Despite some so-so voice acting and my boiling nerd rage, All Star Superman is something I would recommend to every one. However, even for non comic book fans, I would say check out the original comics as well. The film is okay, but it is not the great and timeless classic that this great American icon deserves. [/HIDE]
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Super Moderator
Sep 11, 2006
I think my personal tastes tend to lean more Bronze-Age to Post Crisis (or Crisis-to-Crisis era as I tend to think of it thanks to a great podcast over at Superman Homepage.) So I guess I was always kinda on board with All Star but maybe deep down wishing Jose Garcia Lopez was drawing it and it was just ever so slightly less goofy. Maybe just a little to the left of goofy but still fun.

But really All Star at least felt like an actual sincere attempt at recapturing some Silver Age magic in a modern fashion, as opposed to DC trotting out Silver Age characters and ideas for what seems to be no other reason than the opportunity for the creators to darkfic the hell out of their own childhoods.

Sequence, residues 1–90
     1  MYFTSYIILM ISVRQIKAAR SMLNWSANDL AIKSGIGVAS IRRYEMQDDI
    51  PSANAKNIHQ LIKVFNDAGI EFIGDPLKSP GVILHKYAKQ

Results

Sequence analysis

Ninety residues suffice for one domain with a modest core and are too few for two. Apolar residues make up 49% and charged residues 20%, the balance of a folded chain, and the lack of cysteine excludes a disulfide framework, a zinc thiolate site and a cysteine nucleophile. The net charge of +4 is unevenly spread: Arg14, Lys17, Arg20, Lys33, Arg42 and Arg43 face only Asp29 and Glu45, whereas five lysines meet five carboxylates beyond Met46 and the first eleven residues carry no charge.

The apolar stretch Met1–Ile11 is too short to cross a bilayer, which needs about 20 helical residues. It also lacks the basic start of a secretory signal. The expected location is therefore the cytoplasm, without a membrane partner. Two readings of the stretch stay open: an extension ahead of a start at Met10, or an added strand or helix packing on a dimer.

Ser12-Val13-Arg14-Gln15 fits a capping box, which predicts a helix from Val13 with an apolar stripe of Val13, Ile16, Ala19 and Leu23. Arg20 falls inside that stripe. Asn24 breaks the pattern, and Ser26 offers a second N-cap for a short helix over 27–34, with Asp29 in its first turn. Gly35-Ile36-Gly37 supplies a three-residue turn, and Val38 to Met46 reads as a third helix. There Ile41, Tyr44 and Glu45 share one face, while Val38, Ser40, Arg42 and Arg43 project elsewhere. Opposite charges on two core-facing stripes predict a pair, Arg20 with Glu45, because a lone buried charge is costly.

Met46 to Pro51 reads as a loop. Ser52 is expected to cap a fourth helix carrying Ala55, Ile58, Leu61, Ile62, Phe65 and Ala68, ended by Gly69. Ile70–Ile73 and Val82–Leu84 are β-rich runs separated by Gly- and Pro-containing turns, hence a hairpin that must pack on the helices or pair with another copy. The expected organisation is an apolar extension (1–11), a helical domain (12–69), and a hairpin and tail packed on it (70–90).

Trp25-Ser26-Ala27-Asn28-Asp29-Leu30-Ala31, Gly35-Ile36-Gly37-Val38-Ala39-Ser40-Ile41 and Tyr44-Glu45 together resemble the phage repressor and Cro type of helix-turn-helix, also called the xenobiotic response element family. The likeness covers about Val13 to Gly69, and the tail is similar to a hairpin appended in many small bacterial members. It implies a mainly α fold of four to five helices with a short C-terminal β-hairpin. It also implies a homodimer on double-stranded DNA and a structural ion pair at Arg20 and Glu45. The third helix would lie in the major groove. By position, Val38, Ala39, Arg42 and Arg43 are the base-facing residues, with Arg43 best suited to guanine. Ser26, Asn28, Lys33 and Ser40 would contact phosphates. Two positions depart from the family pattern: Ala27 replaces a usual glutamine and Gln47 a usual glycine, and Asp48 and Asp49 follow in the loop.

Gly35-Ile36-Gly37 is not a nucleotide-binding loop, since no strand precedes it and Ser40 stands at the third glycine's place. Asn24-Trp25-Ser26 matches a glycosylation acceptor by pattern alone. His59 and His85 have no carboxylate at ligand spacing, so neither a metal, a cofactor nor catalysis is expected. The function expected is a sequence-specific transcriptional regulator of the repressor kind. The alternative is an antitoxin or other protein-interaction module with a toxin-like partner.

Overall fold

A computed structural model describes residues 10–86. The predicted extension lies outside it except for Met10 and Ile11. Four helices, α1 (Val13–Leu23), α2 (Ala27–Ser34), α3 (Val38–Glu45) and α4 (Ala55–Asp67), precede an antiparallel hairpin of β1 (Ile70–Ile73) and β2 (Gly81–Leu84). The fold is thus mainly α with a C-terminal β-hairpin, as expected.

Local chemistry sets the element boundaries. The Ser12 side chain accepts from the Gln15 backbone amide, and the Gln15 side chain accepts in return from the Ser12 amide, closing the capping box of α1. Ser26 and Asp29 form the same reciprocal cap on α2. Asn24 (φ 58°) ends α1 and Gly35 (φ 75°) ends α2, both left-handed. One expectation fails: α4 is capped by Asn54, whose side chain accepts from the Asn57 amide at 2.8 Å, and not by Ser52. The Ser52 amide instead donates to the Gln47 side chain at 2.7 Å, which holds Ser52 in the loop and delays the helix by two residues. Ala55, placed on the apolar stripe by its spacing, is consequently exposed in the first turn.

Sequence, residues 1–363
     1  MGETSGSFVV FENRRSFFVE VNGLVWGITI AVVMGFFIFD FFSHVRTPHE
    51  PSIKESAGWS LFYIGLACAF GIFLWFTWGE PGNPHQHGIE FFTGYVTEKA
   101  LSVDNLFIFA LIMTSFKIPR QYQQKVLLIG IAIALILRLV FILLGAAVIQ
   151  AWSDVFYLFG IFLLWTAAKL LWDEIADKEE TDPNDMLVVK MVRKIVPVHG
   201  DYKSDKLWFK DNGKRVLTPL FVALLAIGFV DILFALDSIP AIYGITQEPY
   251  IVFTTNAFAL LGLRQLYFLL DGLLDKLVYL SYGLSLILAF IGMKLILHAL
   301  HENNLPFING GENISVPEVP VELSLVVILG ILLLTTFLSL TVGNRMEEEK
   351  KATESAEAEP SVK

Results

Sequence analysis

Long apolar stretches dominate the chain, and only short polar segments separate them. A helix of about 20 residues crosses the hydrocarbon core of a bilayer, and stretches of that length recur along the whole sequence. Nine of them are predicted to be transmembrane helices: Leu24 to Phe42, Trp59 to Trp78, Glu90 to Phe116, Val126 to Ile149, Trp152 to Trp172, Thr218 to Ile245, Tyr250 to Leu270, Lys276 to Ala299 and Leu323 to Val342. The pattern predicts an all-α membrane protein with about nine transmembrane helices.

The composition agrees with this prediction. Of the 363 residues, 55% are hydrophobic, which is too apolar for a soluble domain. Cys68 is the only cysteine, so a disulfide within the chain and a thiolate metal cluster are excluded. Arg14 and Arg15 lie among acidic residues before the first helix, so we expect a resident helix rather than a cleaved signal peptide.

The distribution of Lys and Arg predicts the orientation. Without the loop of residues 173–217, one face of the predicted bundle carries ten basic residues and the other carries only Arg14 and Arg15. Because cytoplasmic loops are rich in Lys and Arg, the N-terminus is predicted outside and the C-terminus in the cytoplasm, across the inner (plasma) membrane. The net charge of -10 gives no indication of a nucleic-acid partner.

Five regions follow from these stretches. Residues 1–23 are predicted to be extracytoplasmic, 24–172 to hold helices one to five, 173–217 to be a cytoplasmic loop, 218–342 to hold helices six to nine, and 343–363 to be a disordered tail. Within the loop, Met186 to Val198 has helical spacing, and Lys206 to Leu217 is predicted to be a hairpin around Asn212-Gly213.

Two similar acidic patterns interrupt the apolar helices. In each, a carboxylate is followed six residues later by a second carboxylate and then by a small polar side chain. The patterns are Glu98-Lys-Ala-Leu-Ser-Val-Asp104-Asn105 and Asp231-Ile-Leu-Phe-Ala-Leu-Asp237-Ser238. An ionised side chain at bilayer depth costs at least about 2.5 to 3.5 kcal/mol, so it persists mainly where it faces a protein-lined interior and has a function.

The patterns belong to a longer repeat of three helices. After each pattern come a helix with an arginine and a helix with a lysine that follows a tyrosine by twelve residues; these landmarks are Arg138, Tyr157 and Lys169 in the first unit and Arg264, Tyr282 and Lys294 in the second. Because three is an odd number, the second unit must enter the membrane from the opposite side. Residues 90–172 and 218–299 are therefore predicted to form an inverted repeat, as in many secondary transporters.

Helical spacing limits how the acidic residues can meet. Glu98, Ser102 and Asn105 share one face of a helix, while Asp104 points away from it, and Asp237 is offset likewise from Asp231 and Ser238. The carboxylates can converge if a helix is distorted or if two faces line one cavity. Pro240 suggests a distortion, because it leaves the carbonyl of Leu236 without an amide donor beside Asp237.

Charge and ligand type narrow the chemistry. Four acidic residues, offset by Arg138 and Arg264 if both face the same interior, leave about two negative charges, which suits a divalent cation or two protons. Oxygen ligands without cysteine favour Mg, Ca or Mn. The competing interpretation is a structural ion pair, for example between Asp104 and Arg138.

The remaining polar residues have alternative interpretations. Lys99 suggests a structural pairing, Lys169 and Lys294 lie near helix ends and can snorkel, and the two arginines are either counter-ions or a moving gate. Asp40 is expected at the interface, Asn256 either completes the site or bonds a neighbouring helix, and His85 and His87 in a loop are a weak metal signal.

Like many folks I was not a fan of the artwork but I will say that there are things about All-Star that I really do enjoy as a Superman fan. The movie I think does benefit from a tighter narrative, it seems a bit more focused but I find it odd that they still left in the stuff with Samson and also the thing with the Kryptonian couple after having cut Bizzaro and some other things.

I do like the redemption angle with Luthor, I think that by itself may be one of the smartest ideas this story puts forth and gives Superman a far greater victory over Lex than destroying him ever would.

My gut feeling with All Star is that it feels like the comic is the first draft, the movie is the second and somewhere there is a third that really brings the whole thing together.